“I was lucky enough to get to know him for a while and spend some time with him.”
Grant hails from Saskatoon, Saskatchewan, and either played with or against four members of the Broncos. When Grant played in the Saskatchewan Midget AAA Hockey League in 2013-2014, he played many times against Broncos’ team captain and centerman Logan Schatz, who also died in the crash.
“He was a character person,” Grant said. “He was obviously very talented, but the best thing about him is that when you talked with him, you felt like you were his best friend.”
The three others who Grant knows – right-winger Kaleb Dahlgren, defenseman Xavier Labelle and center Nick Shumlanski – all survived. Shumlanski has been released from the hospital with only minor injuries. Dahlgren and Labelle still remain in the hospital, but are recovering.
Grant described Shumlanski as nice, honest and welcoming. He knows Labelle – his former summer hockey league teammate – as a quiet, intelligent person who speaks both English and French. Grant has known Dahlgren since playing on the same Peewee team at the age of 10. Both attended the same high school, and faced off against one another throughout their junior hockey careers. Looking back, Wyatt reflected on Dahlgren’s influence on his life even now.
“Kaleb is literally the nicest person in the world,” Grant said. “The kind of nice that it almost makes you mad. If you get a little frustrated with him, he’s still nice with you. Seeing him and his fight and his kindness has definitely rubbed off on myself.”
Green moved to Lethbridge, Alberta at 13 years of age to play with the Lethbridge Bantam AA Raiders. That’s where he met defenseman Logan Boulet, also one of the 16 who died. Green only played a season with Boulet, but residing in the same town helped them to remain in contact during the offseason.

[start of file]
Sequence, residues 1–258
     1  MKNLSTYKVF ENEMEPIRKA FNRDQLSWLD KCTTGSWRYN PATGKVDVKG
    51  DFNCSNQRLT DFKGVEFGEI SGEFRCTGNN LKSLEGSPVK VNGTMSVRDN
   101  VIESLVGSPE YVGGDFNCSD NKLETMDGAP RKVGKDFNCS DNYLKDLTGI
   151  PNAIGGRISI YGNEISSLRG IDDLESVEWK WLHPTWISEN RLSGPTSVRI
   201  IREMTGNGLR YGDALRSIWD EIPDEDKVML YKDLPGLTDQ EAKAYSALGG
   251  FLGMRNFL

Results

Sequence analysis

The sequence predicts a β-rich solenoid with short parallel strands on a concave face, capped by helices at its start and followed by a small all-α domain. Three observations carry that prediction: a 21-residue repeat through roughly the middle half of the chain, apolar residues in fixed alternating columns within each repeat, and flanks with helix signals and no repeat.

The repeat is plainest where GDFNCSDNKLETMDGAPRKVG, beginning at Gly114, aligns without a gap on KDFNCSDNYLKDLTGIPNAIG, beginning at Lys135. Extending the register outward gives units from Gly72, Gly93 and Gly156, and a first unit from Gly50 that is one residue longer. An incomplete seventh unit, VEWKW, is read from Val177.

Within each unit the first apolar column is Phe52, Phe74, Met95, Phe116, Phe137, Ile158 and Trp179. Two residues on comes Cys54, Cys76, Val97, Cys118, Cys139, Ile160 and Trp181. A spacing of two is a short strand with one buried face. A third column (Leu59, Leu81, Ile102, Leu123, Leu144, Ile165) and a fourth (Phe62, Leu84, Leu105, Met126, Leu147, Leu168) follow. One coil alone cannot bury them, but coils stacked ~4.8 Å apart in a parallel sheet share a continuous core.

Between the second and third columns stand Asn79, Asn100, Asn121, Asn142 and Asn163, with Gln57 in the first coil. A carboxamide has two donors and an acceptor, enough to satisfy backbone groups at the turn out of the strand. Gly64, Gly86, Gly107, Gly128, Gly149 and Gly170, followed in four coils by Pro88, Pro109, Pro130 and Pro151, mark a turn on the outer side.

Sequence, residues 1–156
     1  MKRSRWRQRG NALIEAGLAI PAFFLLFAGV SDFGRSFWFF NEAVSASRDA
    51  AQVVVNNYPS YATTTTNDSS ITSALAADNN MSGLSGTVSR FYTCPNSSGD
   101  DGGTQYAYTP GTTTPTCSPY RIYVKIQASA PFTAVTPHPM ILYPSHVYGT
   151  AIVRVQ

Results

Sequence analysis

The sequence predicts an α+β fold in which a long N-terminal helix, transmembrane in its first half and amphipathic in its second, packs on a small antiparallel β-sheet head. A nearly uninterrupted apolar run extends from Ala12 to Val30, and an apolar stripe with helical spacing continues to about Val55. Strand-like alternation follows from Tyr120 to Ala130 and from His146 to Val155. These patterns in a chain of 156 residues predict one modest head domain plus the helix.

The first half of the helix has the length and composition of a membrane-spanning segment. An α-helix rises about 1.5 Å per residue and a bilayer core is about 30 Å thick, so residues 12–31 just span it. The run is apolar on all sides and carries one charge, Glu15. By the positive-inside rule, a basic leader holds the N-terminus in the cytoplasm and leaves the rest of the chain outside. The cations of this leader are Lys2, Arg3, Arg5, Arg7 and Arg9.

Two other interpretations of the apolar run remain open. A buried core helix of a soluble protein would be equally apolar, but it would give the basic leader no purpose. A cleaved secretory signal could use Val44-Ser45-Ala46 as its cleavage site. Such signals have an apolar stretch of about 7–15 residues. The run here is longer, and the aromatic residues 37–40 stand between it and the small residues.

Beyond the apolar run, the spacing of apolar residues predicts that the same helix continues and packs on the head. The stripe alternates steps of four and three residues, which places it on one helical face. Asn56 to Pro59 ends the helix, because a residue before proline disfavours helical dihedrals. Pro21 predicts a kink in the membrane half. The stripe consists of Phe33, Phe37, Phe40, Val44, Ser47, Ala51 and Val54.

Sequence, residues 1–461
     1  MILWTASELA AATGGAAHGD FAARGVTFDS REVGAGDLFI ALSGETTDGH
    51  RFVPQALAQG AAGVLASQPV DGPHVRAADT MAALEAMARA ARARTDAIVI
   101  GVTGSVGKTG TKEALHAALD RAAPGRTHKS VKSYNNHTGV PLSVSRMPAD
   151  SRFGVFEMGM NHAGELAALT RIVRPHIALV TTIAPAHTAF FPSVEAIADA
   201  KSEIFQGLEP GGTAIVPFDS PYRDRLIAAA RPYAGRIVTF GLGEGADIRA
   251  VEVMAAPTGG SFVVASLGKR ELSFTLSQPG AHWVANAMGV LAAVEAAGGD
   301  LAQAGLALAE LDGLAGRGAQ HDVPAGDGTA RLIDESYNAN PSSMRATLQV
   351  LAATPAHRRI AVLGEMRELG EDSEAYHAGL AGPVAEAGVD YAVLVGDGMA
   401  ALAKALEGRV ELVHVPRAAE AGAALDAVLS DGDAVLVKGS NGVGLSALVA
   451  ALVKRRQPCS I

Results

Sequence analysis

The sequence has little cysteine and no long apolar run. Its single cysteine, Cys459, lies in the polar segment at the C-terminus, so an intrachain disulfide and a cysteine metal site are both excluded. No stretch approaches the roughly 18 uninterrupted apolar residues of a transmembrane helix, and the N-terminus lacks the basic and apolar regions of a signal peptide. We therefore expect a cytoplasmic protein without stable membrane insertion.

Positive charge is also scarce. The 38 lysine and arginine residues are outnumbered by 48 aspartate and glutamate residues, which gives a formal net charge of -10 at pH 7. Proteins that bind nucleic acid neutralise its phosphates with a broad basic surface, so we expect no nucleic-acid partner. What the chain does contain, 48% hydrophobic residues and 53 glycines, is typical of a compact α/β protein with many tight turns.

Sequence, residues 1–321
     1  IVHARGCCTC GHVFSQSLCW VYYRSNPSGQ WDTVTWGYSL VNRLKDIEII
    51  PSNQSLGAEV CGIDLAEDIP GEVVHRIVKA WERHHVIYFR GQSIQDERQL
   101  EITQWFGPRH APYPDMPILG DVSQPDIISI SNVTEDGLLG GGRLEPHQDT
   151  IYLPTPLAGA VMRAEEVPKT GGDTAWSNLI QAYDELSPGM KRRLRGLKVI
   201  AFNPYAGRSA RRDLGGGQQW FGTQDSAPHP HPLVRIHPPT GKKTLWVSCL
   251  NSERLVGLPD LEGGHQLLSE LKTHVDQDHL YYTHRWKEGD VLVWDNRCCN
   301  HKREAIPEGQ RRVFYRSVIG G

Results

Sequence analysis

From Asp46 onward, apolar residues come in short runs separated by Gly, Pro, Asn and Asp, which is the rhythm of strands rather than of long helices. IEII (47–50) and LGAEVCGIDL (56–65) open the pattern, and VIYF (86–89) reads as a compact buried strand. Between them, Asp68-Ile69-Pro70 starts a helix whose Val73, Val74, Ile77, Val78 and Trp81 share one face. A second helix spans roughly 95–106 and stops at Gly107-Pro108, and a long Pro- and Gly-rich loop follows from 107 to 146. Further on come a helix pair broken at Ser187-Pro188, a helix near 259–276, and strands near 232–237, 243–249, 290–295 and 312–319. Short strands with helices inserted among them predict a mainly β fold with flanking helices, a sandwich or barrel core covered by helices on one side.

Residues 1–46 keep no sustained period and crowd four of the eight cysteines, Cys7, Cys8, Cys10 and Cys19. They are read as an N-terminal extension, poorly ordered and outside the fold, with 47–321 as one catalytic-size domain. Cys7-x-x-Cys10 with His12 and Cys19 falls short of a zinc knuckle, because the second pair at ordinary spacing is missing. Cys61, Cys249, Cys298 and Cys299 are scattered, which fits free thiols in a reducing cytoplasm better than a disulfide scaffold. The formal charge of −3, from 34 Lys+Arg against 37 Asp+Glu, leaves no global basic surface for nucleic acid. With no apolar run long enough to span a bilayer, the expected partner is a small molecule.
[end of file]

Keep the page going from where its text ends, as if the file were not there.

“He was probably one of the more leader-type guys I’ve ever played with,” Green said. “He’s the kind of guy that would go out there and do anything that was asked of him. He had a deep passion for the game.”
Green remembered Boulet for his selflessness, leadership and smile, but says all will remember him for the legacy he leaves behind. Boulet signed up to be an organ donor just weeks before the accident, and since then, his organs have gone on to save six other lives. Because of his story, Canada has begun to see a large increase in the number of organ donor registrants.
“That was kind of the legacy that his family wants to live on, and I know it definitely will,” Green said. “He genuinely cared about a lot of people in his life.”
That legacy is just a small part of how the hockey community and Humboldt will remember the Broncos. Moving forward, it will take some time for there to be a new team on the ice. Barabash, Grant and Green all have no doubt, though, that the resiliency of the Humboldt and surrounding communities will bring the Broncos back.
“I would love nothing more than to see them come back,” Green said. “With something like this, it is going to take some time to heal, but I feel like the Broncos will be back, and they’ll be a stronger team because of it.”